In their most recent recorded collaboration, Tasmin Little and Piers Lane deliver some of the finest French examples from the violin and piano repertoire, with a French-inspired Pole thrown in for good measure.

César Franck’s Violin Sonata is a mainstay of the repertoire, exhibiting the composer’s preference for cyclic form – the use of thematic material across all movements. What’s special about the Sonata is that Franck’s compositional technicalities never eclipse the music’s dramatic and communicative nature.

Little’s rendering of the opening Allegretto is perfection, with gorgeously light and silky bow strokes balanced with a more robust, powerful tone as the music approaches its climactic goals. Lane’s touch is sensitive, and matches Little’s colour range perfectly. The pair lets loose in the second and final movements, but Little’s recitativo in the third movement makes for a real moment of focus in the performance, and is probably the highlight.

The Romance in B Flat by Gabriel Fauré is a beautiful divertissement in this recording. Little conjures the most stunning of reveries with this lyrical gem, offering a limpid tone that invokes a soothing calm, even during the more technically fraught passages. Lane’s playing is similarly crystal clear, and beautifully tender.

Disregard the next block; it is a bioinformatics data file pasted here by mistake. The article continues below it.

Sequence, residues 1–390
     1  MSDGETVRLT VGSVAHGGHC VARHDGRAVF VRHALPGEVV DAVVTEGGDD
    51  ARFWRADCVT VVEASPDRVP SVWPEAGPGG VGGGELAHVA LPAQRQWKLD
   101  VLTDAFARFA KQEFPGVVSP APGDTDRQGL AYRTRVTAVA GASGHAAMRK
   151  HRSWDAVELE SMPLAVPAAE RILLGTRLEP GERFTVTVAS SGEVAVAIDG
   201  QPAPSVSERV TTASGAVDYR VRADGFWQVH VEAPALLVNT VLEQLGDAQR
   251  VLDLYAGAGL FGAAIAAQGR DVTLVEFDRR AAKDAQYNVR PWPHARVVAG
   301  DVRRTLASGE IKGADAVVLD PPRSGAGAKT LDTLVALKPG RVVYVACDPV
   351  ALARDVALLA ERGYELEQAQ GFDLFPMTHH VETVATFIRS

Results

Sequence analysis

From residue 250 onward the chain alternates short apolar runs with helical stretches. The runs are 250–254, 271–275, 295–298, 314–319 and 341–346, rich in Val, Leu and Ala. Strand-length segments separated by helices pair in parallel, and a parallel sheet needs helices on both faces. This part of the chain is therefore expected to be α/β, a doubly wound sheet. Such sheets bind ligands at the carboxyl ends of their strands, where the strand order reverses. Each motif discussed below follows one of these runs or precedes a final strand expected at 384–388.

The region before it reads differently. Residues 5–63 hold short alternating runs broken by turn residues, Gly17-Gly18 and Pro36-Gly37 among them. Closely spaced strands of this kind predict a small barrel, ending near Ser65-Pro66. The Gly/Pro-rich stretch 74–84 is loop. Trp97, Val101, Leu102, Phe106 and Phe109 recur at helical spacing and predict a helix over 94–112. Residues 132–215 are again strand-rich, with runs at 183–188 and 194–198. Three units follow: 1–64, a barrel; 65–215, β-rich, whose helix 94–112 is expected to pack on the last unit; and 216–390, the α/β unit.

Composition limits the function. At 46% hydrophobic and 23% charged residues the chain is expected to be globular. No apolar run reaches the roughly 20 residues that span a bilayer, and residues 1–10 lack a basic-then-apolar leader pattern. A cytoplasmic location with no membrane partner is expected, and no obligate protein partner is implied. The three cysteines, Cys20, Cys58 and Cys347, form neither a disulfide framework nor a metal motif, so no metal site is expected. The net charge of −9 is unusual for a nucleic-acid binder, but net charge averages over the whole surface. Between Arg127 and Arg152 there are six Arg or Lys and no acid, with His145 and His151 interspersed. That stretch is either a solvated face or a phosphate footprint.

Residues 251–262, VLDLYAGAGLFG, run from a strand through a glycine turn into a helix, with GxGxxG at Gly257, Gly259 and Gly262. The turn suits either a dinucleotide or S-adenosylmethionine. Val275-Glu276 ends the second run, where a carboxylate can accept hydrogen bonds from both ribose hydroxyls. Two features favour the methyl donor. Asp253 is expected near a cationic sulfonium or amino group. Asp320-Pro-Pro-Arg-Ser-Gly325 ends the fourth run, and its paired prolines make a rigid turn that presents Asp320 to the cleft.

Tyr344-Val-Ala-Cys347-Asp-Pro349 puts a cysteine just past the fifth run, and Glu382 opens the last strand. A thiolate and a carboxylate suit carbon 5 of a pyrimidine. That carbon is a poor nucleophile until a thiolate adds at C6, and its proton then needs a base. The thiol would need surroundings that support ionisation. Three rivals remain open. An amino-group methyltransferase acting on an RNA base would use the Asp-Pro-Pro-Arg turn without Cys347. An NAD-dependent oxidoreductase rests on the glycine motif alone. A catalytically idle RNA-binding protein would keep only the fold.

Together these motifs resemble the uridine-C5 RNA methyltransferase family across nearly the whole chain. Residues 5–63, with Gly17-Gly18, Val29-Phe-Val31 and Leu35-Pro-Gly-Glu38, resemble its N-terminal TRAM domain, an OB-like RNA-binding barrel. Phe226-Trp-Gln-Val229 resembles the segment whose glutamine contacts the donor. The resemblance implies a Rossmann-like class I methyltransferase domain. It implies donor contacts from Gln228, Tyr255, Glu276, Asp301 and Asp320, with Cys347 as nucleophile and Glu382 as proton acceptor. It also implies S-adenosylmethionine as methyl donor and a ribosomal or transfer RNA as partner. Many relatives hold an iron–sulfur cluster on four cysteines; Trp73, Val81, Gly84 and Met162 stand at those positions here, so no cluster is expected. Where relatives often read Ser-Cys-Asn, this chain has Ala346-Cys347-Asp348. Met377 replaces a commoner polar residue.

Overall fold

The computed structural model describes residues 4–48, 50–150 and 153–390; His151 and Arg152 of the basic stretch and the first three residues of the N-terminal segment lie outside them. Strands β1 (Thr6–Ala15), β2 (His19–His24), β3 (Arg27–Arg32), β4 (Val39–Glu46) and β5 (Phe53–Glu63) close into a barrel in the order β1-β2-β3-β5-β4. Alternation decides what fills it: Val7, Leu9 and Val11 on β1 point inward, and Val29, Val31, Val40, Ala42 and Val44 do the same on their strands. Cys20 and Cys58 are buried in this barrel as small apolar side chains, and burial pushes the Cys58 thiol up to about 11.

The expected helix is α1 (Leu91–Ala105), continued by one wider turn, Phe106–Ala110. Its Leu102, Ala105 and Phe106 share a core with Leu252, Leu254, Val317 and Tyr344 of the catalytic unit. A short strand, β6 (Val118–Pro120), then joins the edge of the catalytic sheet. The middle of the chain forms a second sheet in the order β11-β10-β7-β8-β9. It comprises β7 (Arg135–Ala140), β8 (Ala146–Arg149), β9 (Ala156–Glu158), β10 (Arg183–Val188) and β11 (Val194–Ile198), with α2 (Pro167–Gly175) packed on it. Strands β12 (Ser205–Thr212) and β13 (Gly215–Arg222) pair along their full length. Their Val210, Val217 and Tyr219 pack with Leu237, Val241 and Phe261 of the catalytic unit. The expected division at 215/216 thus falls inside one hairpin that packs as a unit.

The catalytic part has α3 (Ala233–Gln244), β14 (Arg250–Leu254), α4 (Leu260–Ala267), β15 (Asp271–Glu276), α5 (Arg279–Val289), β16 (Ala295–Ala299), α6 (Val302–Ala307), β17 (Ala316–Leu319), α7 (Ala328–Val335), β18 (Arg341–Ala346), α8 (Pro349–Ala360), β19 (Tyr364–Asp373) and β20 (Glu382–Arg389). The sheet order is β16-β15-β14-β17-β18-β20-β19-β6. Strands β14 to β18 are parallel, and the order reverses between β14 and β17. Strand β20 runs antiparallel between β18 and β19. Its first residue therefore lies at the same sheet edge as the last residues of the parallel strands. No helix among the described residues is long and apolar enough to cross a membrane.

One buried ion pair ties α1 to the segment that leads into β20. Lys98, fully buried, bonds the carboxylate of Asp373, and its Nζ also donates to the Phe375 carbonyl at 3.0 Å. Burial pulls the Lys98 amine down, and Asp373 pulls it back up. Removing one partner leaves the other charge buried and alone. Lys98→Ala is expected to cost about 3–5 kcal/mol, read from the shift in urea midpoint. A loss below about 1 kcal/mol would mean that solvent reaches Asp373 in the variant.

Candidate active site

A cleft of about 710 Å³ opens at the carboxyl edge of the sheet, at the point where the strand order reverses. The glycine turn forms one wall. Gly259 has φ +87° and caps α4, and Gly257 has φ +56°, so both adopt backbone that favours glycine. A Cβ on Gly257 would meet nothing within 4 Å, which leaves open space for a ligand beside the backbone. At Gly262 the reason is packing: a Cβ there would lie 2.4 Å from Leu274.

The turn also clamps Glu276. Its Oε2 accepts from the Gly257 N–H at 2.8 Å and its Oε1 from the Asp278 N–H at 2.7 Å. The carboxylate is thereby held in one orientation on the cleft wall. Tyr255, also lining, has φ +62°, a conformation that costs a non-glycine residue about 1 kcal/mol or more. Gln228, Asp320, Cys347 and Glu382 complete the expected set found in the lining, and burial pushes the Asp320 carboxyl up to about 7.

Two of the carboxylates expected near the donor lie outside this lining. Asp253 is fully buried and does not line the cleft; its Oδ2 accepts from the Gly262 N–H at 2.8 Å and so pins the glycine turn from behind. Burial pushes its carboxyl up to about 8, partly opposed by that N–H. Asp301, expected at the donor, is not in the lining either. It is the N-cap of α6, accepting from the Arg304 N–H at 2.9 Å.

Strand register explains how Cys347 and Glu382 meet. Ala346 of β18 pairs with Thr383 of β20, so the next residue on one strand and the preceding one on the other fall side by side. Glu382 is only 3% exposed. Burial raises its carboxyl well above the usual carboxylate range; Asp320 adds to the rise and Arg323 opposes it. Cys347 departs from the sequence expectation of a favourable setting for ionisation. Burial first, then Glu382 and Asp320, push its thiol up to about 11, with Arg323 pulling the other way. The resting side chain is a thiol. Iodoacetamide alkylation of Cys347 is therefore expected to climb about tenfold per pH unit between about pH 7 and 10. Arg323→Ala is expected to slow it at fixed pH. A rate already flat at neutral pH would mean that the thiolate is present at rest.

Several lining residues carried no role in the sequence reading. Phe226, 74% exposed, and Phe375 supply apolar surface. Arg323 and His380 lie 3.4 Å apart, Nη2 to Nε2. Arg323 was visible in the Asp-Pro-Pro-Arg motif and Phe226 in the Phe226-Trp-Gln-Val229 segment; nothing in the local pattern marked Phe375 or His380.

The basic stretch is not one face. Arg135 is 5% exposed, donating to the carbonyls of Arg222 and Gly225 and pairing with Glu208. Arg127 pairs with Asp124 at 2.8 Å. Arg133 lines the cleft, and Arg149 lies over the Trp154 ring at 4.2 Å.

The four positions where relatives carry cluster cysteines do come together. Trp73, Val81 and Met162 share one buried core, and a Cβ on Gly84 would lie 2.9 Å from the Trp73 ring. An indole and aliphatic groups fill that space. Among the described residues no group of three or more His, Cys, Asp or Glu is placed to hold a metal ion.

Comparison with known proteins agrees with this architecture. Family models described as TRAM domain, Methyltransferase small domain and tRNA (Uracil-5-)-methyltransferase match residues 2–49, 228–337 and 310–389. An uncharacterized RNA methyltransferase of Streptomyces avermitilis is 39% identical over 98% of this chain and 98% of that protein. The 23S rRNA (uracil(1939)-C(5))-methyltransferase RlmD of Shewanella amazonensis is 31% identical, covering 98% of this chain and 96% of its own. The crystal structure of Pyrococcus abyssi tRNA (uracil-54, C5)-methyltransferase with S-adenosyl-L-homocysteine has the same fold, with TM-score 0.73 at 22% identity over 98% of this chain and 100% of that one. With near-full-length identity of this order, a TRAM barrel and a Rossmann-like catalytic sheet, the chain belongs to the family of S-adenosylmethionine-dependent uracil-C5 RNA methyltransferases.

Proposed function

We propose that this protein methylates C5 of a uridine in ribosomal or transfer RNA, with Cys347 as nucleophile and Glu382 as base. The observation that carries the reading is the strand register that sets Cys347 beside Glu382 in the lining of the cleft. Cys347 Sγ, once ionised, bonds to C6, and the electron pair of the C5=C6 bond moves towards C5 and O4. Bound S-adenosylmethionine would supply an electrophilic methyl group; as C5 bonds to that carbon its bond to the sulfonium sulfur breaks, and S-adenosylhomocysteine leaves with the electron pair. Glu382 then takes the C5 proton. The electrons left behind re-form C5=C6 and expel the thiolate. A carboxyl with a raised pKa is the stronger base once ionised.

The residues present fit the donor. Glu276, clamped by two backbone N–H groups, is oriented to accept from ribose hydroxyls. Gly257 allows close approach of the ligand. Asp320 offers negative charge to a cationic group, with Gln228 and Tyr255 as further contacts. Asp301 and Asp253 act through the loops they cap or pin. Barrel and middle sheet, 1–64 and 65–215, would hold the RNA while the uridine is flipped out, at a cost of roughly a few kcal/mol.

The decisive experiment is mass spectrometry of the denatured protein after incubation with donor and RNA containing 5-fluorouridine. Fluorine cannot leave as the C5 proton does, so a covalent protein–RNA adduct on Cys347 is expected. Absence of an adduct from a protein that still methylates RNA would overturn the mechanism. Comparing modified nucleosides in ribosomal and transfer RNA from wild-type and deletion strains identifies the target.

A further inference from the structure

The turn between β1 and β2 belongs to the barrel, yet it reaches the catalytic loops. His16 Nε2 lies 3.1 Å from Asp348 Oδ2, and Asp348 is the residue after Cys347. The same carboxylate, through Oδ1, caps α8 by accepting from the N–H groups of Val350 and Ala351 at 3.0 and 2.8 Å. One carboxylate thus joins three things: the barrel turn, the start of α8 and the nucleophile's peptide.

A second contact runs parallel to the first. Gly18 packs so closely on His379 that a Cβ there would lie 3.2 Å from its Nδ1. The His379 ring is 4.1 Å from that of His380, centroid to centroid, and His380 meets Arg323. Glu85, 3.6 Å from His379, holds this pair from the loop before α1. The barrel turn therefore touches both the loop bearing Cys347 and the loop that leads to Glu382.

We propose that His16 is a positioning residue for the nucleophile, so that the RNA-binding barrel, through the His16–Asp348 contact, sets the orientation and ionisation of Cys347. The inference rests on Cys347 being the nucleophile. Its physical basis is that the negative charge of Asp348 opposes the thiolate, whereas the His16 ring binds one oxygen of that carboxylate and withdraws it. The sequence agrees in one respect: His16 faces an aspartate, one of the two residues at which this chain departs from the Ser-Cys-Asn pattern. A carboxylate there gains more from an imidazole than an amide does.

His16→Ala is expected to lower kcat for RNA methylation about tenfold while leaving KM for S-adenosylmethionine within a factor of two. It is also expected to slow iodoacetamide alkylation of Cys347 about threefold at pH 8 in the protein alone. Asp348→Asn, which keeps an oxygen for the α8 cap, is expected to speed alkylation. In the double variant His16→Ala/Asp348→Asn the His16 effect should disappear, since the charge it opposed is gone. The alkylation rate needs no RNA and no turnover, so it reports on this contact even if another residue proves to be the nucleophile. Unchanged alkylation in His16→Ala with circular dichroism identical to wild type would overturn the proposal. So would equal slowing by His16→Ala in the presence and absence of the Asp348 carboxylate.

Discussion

Szymanowski appears to be getting more airtime these days, and thank goodness, because the Polish composer’s music does deserve more hearings. Szymanowski, like Franck, was a fantastic craftsman with a keen ear for the dramatic. His Violin Sonata is a heavier work than Franck’s, with its two outer movements calling for rich, muscular tone production in the violin part, which Little delivers. The middle movement is a serene, gentle, dreamy Andantino tranquillo e dolce, the opening of which is one of the highlights of Little and Lane’s performance.

The Sonata is followed by two more works by Szymanowski. The first is a Romance that’s imbued with a rich lyricism, and which works towards a magnificent climax. But the best is saved for last, with a Notturno and Tarantella, music of 1915 and a more mature Szymanowski. The strange, exotic music of the Notturno, with its silky melodies and harmonies on open fifths, is a real treat, and the bustling Tarantella, a fantastic showstopper.

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